And so , since all stories must have a beginning , my life story probably starts with this wonderful ancestor, grandma Isabelle.
Now if that name makes you think of sweet, genteel colonial ladies with delicate fans, parasols and elbow length white gloves, partaking of "Tiffin" or groping tremulously for their smelling salts, let me bust the bubble because Grandma Isabelle was – different. 
I remember her looking sternly at me over her thick spectacles and saying "are you sure you are wearing decent knickers, child? Otherwise skirt going up and people will laugh- big shame, no"
I remember looking back at her and nodding humbly "yes, nana" ; I dare say your own grandma probably told you stuff like this too, when you were a kid, but the difference here was probably that I was 30 at the time, and had come to visit her, riding a small Indian Yamaha, without a valid license. …(ouch!)
She boasted of language that could out-swear the hairiest Pettah drunkard and was not afraid to use it. Words like thoe, yakoe, and bung, and rolled off her tongue with as much dubious ease as the lyrics of Edelweiss and old Nat King Cole numbers…
She was maybe a tad over five foot high and as light as a thistle but ate like a Marine, and knew how to enjoy life to the fullest. I remember she loved anything packaged in England (peaches, tarts, wheetabix) for the same reason that children do, that its bright , flavorful and generally not locally available, and she would cheerfully guzzle chocolates, fig biscuits and apple tarts with a devil may care "to hell with the diabetes" attitude.(Blood sugar, predictably, didn't dare to rear its ugly head and try cramping her style, because I suspect she would have told it to go take a hike)
My art, writing and sense of esthetics I believe I owe to her side of the family and she taught me, I remember, how to paint ostriches in the African Savannah. I can still mix the exact color of an ostriches butt feathers which are a "bluish greenish black with a slight touch of yellow in it for depth".
It was later on that I actually learned that Colombo's"Morotuwa" people are somewhat famous for the arts, (art, music, sculpting and writing ) and that "down south" people sometimes don't really value this much because they are way more practical in useful talents like cooking and making broods of exemplary offspring…intermarry these two and there will always be gentle disdain from both sides about what the other cant do.
Grandma Isabel's favorite movie was "Colomba Sanniya " which although I have never seen in my life, I have listened with delight to the detailed accounts of, since I was 7 and thus can actually picture clearly in my minds eye, right down to the white scratch marks on the movie.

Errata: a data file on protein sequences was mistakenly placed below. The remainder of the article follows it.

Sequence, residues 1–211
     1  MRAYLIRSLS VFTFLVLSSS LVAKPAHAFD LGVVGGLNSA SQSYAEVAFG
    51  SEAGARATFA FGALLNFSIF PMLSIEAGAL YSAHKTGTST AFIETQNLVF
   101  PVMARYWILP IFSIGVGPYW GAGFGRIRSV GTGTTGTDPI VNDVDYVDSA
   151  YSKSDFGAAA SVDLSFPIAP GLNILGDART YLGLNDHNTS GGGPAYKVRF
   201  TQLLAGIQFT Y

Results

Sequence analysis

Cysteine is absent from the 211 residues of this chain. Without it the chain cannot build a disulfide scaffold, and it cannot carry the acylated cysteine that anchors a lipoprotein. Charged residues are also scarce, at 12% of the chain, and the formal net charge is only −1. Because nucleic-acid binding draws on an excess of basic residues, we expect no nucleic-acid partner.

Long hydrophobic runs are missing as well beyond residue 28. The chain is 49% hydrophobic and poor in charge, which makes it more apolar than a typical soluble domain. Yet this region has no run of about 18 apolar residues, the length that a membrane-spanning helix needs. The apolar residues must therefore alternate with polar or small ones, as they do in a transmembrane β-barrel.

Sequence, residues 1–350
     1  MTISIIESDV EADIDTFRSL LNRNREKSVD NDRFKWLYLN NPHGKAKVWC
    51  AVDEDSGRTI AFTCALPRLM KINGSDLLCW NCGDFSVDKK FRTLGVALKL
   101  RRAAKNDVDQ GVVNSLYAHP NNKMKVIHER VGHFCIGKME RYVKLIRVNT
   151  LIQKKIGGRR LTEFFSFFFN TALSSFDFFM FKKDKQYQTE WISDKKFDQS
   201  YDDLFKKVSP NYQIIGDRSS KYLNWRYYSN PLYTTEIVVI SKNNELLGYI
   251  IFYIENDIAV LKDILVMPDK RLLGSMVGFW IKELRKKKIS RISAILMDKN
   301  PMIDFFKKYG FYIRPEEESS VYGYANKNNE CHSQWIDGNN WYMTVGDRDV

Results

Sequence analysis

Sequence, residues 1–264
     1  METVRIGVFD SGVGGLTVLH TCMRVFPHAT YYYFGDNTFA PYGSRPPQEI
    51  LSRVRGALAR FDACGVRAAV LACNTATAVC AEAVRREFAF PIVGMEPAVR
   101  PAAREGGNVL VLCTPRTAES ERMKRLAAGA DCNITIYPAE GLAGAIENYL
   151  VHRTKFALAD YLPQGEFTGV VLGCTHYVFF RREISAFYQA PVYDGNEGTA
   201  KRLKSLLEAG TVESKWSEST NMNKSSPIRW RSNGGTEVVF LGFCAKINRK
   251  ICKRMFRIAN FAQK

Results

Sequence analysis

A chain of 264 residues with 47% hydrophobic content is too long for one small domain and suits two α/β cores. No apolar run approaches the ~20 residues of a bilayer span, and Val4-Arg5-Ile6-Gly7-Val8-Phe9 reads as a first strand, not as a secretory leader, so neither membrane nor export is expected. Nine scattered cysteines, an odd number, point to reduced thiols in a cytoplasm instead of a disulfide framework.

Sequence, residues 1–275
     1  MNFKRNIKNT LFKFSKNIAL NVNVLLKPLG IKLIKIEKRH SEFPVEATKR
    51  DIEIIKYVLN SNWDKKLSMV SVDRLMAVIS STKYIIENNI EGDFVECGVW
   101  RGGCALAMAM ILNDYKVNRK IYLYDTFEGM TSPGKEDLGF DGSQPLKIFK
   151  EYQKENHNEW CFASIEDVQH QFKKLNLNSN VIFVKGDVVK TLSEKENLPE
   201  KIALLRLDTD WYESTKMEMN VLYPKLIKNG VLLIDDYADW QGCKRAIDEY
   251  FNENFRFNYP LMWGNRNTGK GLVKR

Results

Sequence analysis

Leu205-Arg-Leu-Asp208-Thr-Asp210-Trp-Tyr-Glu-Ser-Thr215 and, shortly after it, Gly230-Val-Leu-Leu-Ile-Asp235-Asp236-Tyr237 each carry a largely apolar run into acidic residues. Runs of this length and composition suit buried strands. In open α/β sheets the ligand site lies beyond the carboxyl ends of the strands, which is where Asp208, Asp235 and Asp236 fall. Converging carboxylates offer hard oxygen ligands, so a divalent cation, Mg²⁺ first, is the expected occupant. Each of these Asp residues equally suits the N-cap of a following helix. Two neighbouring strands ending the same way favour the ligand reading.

The hero was played by Freddie or Eddie someone who won a lottery as the story was repeated to me on torpid tropical Ceylon afternoons, which along with ambul bananas , large Marie biscuits(no longer produced) and good Ceylon tea, makes me now realize how ancient I must be…it is classic 1940s style comedy about some village godaayaas who get a luxury house in Colombo that they don't know what to do with. Around the point where they start doing their laundry in the commode, grandma falls into numerous microsleeps and I have to start nagging her for the balance.
By 90 and bordering on Alzhimic, Grandma Isabelle had a distinctly selective and very volatile memory, something computer junkies would have called "Need Only Memory" because she remembered things only if they suited her, and otherwise resorted to a an extremely blank and innocent expression of pleasant non recognition which she had perfected down the years.
So questions like " would you like another piece of angel cake ?" would be met by a carefully worded and vague " what angel cake ? did I just eat a piece?" which meant of course but don't tell anyone I ll be having two.
I don't believe Nana worried about death at all, even thought she was past 90 when it got her. Although she sometimes discussed passing concerns like globalisation, deforestation and whether young Tushi was having an unsuitable affair in her office , she accepted inevitable eventualities like illness and mortality with the calm don't care attitude of a tattooed underworld thug.
In fact quite predictably she went down singing and joking and her last recorded words where a cracked baila very loosely translated as "shall I tell you of the love I have for you? In the afternoon come to the bathing pipe-and ill tell you" and I know she went laughing all the way.
Grandma was a rebel in her age, like I am in mine.
They say that each person will somewhere be duplicated in her ancestry or among her descendants, and if so I wonder if I will someday have a pixie faced, happy go lucky tomboy of a grand or great grand daughter, who will write about me.
Just maybe she will be called Isabelle, too.
 This sort of explains me, but not fully
 Pardon the haughty colonial reference.